Running Illness

running is my oxygen

I awoke to three inches of snow Sunday morning, and the beginning of a head cold. By the end of the day I had lost my voice, couldn’t breathe through my nose, and felt like someone rubbed sandpaper along my tonsils.

I still went for a run.

And I still put in an hour and a half on my bike.

It’s a sickness of a different variety.

Cold temperatures bring an increase of illness around the world. Running while ill can be helpful or hurtful depending on the symptoms and the intensity of your runs.

Congestion, cough, runny nose, sore throat, headache, fever, diarrhea, and vomiting.

Obviously running with some of these symptoms would be unpleasant to say the least, not only for you but for others around you. Running with a fever is dangerous because the fever already increases your body temperature, and running will increase it even more.

What about the other symptoms? Running can help relieve congestion, which can then help with the related cough and sore throat. Running (exercise in general) can decrease the length of illness and prevent it. Runners, on average, take in more fluids than people who don’t exercise or run. The increase in fluids flushes your system of toxins through increased urination and sweat.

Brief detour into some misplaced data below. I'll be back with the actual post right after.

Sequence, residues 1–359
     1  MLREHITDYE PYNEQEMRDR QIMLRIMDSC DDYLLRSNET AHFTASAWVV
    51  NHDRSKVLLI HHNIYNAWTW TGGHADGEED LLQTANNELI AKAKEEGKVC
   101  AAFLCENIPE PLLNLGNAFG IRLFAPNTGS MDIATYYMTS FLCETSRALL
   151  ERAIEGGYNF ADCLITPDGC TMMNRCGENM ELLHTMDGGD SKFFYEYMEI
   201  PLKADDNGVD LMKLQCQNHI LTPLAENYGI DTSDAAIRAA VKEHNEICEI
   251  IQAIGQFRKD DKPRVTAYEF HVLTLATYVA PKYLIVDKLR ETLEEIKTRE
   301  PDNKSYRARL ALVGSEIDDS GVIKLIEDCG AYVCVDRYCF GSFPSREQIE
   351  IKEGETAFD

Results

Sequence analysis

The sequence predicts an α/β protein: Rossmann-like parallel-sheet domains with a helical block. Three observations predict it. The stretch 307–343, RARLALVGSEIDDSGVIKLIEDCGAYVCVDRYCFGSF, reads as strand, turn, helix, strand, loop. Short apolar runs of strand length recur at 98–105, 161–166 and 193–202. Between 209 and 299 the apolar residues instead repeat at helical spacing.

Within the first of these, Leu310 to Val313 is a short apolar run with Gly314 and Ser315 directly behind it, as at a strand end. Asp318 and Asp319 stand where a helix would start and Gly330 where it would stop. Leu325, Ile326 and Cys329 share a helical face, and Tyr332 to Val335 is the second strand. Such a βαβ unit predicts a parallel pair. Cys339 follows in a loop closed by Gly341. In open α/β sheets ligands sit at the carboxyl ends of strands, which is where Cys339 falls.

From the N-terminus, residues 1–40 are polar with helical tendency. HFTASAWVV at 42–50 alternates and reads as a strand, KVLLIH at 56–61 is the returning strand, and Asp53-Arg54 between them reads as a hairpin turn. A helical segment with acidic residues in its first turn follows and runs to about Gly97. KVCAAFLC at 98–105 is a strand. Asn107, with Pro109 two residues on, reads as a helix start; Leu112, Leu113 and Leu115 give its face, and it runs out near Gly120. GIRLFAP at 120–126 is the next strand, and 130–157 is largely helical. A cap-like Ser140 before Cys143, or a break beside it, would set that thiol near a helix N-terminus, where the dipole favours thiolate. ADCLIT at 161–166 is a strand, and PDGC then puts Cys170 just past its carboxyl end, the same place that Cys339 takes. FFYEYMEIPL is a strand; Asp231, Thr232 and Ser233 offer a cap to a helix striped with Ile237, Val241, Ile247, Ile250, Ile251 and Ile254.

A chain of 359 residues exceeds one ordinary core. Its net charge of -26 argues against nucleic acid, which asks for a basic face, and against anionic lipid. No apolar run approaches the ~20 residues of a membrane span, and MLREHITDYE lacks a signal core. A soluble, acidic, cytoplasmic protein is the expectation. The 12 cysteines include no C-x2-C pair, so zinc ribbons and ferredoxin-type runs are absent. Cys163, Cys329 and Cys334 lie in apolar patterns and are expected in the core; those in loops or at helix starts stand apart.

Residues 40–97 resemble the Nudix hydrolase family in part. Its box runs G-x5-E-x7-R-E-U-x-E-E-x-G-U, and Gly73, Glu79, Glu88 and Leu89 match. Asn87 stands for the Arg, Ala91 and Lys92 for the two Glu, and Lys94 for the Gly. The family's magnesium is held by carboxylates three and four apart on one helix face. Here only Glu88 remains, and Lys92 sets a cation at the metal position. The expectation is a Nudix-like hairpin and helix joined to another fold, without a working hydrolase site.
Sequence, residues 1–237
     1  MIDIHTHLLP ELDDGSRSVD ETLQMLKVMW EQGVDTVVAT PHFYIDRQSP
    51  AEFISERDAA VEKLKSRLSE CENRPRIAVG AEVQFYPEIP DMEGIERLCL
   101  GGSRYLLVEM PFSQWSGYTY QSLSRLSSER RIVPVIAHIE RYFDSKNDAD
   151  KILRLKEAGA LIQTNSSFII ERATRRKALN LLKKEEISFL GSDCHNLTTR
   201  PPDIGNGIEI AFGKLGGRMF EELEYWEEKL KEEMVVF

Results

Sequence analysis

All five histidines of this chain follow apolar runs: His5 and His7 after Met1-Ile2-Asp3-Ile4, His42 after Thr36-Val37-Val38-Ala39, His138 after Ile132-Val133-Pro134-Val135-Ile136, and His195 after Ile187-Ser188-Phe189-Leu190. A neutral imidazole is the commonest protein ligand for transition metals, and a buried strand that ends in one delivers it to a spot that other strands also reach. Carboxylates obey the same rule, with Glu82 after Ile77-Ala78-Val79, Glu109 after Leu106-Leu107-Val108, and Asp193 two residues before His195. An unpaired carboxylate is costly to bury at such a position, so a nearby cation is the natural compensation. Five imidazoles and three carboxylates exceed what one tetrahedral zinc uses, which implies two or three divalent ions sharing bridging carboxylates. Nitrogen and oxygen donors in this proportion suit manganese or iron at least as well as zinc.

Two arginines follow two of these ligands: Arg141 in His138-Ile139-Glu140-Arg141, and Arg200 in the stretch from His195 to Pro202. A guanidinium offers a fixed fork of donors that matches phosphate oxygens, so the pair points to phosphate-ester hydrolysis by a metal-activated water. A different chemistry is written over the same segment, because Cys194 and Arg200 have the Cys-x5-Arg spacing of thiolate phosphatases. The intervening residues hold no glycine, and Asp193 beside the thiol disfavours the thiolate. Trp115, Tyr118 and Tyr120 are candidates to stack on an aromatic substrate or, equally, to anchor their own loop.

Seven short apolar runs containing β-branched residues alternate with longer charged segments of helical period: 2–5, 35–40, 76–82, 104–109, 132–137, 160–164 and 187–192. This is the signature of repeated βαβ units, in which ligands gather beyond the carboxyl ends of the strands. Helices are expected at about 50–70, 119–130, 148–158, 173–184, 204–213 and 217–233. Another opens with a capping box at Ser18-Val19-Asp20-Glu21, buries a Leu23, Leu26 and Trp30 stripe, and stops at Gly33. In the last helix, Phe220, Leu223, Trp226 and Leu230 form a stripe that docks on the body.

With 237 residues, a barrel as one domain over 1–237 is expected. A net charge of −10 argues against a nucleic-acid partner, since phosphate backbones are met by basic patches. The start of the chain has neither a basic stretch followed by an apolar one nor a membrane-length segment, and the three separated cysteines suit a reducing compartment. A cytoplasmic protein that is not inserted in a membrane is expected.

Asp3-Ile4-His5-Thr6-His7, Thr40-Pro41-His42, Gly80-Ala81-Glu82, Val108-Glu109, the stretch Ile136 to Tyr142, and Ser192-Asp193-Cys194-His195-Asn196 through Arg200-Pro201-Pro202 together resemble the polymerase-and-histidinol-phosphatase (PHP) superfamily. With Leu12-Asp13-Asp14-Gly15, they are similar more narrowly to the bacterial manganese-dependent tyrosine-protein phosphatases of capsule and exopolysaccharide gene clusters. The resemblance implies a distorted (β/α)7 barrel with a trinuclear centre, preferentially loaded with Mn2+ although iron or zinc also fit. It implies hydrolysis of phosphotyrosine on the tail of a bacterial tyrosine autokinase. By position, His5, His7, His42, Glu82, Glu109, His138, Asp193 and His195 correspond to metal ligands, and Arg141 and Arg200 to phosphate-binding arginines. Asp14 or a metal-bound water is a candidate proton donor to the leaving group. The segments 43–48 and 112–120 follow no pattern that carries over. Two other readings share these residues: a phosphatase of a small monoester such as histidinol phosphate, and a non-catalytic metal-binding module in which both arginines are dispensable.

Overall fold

Exercising also sends antibodies and white blood cells through the body more quickly allowing you to detect illness sooner and to fight it off more effectively. The increase in body temperature caused by running or exercising, so long as you don’t have a fever, slows the growth of bacteria.

Physical and emotional stress causes the body to release stress hormones. These hormones reduce the effectiveness of the immune system. Avoid intense workouts, such as speed training or hill climbs while ill. These types of workouts place stress on the body and can lengthen the duration of illness or make symptoms more severe.

Regular running or other types of aerobic exercise will improve your immune system functioning boosting your body’s ability to prevent and fights illness.